The Seven Pillars of Family Ministry. . .

I’ve been reading the book Dreaming of More for the Next Generation by Michelle Anthony, and in the book she describes what she refers to as the “seven pillars of family ministry.” I wanted to share them with you here because they serve as “Aha” moments in my ministry journey.

1. Family is Primary. The purpose of the church ministry is to walk alongside and equip families to disciple their children. If I’m taking seriously the charge that Paul gave in Ephesians 4:11-13, and I believe that the message to parents in Deuteronomy 6 is a call for them to be the primary disciplers of their children, this ministry should be equipping and training our parents with the same intentionality that we train and equip our teachers, mentors, and leaders.

2. Spiritual Formation is our Goal. Paul’s desire for the church in Galatia was that Christ be “formed in” them. What did he mean by this? His desire for this church wasn’t that they learn the facts of their faith—however important those facts may be. Rather, his goal was that they look more and more like Jesus. He wrote that “all the Law has been fulfilled in a single statement: Love your neighbor as yourself.

It’s tempting to substitute spiritual formation with communicating information. We can very easily fall into the trap of making our ministry about facts, head knowledge, and measurables. I’m guilty of this all the time. “If children and families learn information, we may be tempted to pat ourselves on the back. But maybe we shouldn’t. Children may memorize Bible verses. They may know how many stones David used to kill Goliath. It’s good, but it’s not enough.”

It’s also tempting to make ministry about moral training. We can fall into the trap of trying to teach kids what it looks like to be a good Christian. Good behavior looks so much like faith in action. What if instead, we focused on training families on allowing the Holy Spirit to transform their lives?

Jesus doesn’t want people who are well behaved. He wants people of faith (see Luke 17). That’s much more difficult, but it’s more lasting, and it’s what will end up storming the gates of hell.

3. The Holy Spirit is the Teacher. Francis Chan wrote in his book Forgotten God that “the Holy Spirit of God will mold you into the person you were made to be.” There’s nothing wrong with the term “Sunday School Teacher,” but something can be taken away with that title. I wonder if instead, we gave God the role of “teacher,” and took on the roles of leaders, mentors, and storytellers? After all, in John’s account of the Gospel, he wrote that the Spirit of God is our Counselor, our Comforter, and our Teacher.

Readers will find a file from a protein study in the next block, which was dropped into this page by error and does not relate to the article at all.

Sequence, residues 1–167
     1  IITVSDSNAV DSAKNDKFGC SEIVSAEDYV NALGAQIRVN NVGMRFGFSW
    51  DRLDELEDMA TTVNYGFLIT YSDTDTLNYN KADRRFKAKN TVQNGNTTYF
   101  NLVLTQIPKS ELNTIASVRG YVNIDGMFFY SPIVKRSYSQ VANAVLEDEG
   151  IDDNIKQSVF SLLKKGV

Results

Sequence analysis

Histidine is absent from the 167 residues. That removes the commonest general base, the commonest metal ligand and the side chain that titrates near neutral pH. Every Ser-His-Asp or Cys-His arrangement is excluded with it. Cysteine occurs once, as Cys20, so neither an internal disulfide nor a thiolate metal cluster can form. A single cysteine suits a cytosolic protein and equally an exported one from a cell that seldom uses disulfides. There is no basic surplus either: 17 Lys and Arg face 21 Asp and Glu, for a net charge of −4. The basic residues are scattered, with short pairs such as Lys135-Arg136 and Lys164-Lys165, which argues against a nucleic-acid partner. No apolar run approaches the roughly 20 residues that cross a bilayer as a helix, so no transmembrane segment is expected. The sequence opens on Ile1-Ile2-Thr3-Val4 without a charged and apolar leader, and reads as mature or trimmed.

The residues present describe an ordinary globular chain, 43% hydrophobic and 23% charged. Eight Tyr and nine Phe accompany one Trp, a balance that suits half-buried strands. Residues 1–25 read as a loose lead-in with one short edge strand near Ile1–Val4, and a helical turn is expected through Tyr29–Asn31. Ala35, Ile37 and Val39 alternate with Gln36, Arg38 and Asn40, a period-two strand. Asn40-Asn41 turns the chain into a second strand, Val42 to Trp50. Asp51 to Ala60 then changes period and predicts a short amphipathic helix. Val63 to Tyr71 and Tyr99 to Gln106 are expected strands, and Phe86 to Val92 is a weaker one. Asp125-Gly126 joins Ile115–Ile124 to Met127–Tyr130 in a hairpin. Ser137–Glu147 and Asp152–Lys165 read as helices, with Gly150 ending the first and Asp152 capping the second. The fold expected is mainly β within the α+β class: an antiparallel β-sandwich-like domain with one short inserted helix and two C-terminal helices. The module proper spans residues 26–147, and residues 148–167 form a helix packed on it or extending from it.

Imagine with me for a moment: what if we had students and children who worshiped God “from the inside out” (I love that song, by the way; it’s one of my favorites) “compelled by the Spirit—not through behaving in expected or mandated ways, but through seeing worship as a lifestyle instead of as a moment or event”? What if they fully realized their Spirit-given abilities to herald and exhibit the Kingdom attributes of love, grace, justice, forgiveness? What if they were able to discern God’s voice speaking to them and learn to obey that voice, relying on the Spirit’s power alone for their strength?

4. Scripture is our Authority. Our culture denies the idea that there can be concrete truths. My lead pastor often points out that truth is necessarily exclusive. If something is true, it automatically denounces anything that contradicts it as false. This isn’t a bad thing, it’s a natural and obvious thing. If the truth is that I’m traveling north, then by saying I’m traveling south when I’m doing the exact opposite means that my statement is false.

Without truth, people are lost. Truth acts as a compass—morally, experientially, emotionally. As Christians, our compass is Scripture, and it needs to permeate our being otherwise we’re lost. Our task isn’t simply to teach kids about God’s Word, but rather show them how to investigate it for themselves.